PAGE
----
Japanese grammar spotlight: だって (datte) vs だから (dakara)

By | September 18, 2019

In this post I want to focus on two common Japanese words that sound similar but have very different meanings––in fact opposite meanings.

These words can have a few different usages, but I will be focusing on the following usage, where だって or だから begins a new sentence.

  • 「sentence A」。だって「sentence B」
  • 「sentence A」。だから「sentence B」

Besides sounding a little similar, these words have something else in common: they both are related to a reason for doing something.

だから (dakara) is used after a reason for something is given. Another way to look at it the first sentence (A) leads to the second (B). Let’s look at an example:

  • お腹いっぱい。だから食べたくない (onaka ippai. dakara tabetakunai).
  • I’m full. That’s why I don’t want to eat.

Other ways to translate this word include “therefore” or “so”.

One way to help remember the meaning of だから is to remember that から (kara) can be used to mean “from” (like “received a present from him”). So you can think that sentence B came from sentence A, in other words sentence A lead to sentence B.

I wanted to focus on the word だから to keep things simple, but it’s good to know that you can simply add から (kara) to a verb or i-adjective, or だから (dakara) to a na-adjective to noun, and keep everything in one sentence. For example:

  • お腹いっぱいだから食べたくない (onaka ippai dakara tabetakunai)
  • I’m full so I don’t want to eat.
  • 寒いから出かけたくない (samui kara dekaketakunai)
  • It’s cold so I don’t want go to out.

(Update: I added another example of “dakara” based on a question from a reader.)

Another use of “dakara” (or “desu kara”) is when the speaker wants to emphasize they already said something. For example:

  • Person A: お店に行かないの? (omise ni Ikanai no?)
  • Person A: Aren’t you going to the store?
  • Person B: だから、行かないって言ったでしょう (dakara, ikanai tte itta deshou)
  • Person B: Like I told you, I’m not going.

Here the nuance is that Person B had explained they aren’t going to the store earlier, or at least implied it.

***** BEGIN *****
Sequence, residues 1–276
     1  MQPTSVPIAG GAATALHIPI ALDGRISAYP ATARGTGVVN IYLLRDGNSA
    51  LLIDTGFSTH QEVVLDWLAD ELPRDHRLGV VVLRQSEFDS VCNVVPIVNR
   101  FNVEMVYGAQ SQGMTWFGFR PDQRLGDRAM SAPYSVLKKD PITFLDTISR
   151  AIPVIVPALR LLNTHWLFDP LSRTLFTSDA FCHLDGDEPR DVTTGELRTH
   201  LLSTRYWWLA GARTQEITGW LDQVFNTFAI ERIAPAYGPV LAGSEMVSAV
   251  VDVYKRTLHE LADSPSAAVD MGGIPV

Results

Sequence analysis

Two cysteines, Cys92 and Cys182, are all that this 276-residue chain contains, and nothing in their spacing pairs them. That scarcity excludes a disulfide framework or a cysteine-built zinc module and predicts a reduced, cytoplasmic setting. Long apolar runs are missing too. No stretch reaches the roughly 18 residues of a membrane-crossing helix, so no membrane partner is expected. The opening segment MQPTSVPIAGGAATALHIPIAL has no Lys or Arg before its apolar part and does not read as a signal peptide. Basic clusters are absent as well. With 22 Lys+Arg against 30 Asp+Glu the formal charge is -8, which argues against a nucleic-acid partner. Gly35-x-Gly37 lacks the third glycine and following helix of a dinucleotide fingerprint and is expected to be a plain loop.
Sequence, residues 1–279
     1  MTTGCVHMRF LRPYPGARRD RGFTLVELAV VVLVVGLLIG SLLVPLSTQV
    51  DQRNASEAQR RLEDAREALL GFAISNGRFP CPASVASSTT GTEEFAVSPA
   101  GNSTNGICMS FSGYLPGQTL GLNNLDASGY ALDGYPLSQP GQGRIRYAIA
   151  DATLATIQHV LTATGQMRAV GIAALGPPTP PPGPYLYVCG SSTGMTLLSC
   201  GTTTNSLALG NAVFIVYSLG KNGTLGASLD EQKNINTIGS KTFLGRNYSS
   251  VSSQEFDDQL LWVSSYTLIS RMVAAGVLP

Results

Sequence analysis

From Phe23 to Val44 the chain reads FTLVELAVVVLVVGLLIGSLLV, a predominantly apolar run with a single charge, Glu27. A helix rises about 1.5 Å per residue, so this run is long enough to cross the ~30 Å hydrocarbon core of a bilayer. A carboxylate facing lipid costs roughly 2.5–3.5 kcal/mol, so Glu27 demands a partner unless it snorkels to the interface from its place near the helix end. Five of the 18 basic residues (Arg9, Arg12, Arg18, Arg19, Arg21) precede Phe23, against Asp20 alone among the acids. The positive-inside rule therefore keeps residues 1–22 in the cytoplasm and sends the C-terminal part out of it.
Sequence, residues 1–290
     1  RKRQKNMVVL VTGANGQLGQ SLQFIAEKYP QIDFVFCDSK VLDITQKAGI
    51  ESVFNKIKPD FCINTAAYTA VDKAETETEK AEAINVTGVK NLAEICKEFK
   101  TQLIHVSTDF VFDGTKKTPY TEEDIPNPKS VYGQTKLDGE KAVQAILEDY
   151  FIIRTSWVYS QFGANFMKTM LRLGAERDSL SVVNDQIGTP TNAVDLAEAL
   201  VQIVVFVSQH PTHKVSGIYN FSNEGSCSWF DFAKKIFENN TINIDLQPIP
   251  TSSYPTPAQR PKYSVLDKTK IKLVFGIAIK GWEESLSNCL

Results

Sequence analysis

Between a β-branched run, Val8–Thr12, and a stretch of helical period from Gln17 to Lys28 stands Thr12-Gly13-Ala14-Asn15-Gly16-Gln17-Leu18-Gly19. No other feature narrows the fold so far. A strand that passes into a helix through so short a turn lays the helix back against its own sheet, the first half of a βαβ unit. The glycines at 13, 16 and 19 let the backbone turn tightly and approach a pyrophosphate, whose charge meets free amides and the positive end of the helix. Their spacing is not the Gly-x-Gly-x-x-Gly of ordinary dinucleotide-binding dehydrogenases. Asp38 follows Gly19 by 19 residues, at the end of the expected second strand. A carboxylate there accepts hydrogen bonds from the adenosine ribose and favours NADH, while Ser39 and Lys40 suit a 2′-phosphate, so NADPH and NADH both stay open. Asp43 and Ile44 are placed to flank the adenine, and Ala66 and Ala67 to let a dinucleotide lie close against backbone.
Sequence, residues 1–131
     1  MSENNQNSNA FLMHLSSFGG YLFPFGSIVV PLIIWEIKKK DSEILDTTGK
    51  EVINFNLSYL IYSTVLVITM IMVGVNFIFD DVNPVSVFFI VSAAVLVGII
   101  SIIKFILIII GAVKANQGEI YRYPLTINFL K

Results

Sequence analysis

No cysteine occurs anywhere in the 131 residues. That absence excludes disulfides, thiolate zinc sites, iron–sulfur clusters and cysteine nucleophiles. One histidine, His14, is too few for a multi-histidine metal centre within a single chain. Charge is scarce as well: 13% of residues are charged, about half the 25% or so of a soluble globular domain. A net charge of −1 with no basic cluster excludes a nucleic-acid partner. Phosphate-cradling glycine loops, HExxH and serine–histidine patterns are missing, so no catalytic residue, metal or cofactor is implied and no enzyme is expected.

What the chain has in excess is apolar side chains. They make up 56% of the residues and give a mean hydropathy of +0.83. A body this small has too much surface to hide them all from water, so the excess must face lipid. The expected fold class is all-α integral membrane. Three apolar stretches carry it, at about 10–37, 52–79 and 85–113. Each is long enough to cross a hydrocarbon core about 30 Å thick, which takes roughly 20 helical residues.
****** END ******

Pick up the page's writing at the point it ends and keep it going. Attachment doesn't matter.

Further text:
Now for だって (datte), things are completely reversed: sentence B is the reason for sentence A.

  • 食べたくない。だって、お腹いっぱい (tabetakunai. datte, onaka ippai)
  • I don’t want to eat. It’s because I am full.

In this usage, だって means something like “The reason for that is”, but often translating it that way is too wordy and unnatural, so you have to find more succinct ways. The word “because” is also a good fit, except the starting a sentence with “because” is sometimes not considered good grammar.

One way to help remember だって is to think of だっていうのは (datte iu no wa), which means something like “to say that is…” or “as for saying that…”.

In practical use, you often see a combination of だって and だから (or から). For example:

  • 食べたくない。だって、お腹いっぱいだから (tabetakunai. datte, onaka ippai dakara)
  • I don’t want to eat. It’s because I am full.

In sentence like this, the だって prepares the listener to know a reason is coming, and then the だから (or から) at the end confirms that. You could omit the だって and it would still be a valid sentence, but I think it sounds much better with it in. Also だから・から can be replaced by だもの (damono) or もの (mono), which is sort of like a more emotional reason of giving a reason (that sounds a bit childish to me, though I guess that depends on the tone of the speaker). Also, だもの and もの are commonly abbreviated as だもん and もん in spoken Japanese.

To finish, I’ll ask a question to test your understanding. Do you think だって or だから fits in the blank?

  • 映画館に行きたくない。___お金がない。 (eigakan ni ikitakunai. ____ okane ga nai).
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2 thoughts on “Japanese grammar spotlight: だって (datte) vs だから (dakara)

  1. archemidiate

    Thank you as always for your lessons! Your teaching style is very clear and easy to grasp.

    To the question: (corrections welcomed)
    I don’t want to go to the cinema. It’s because I’m broke.


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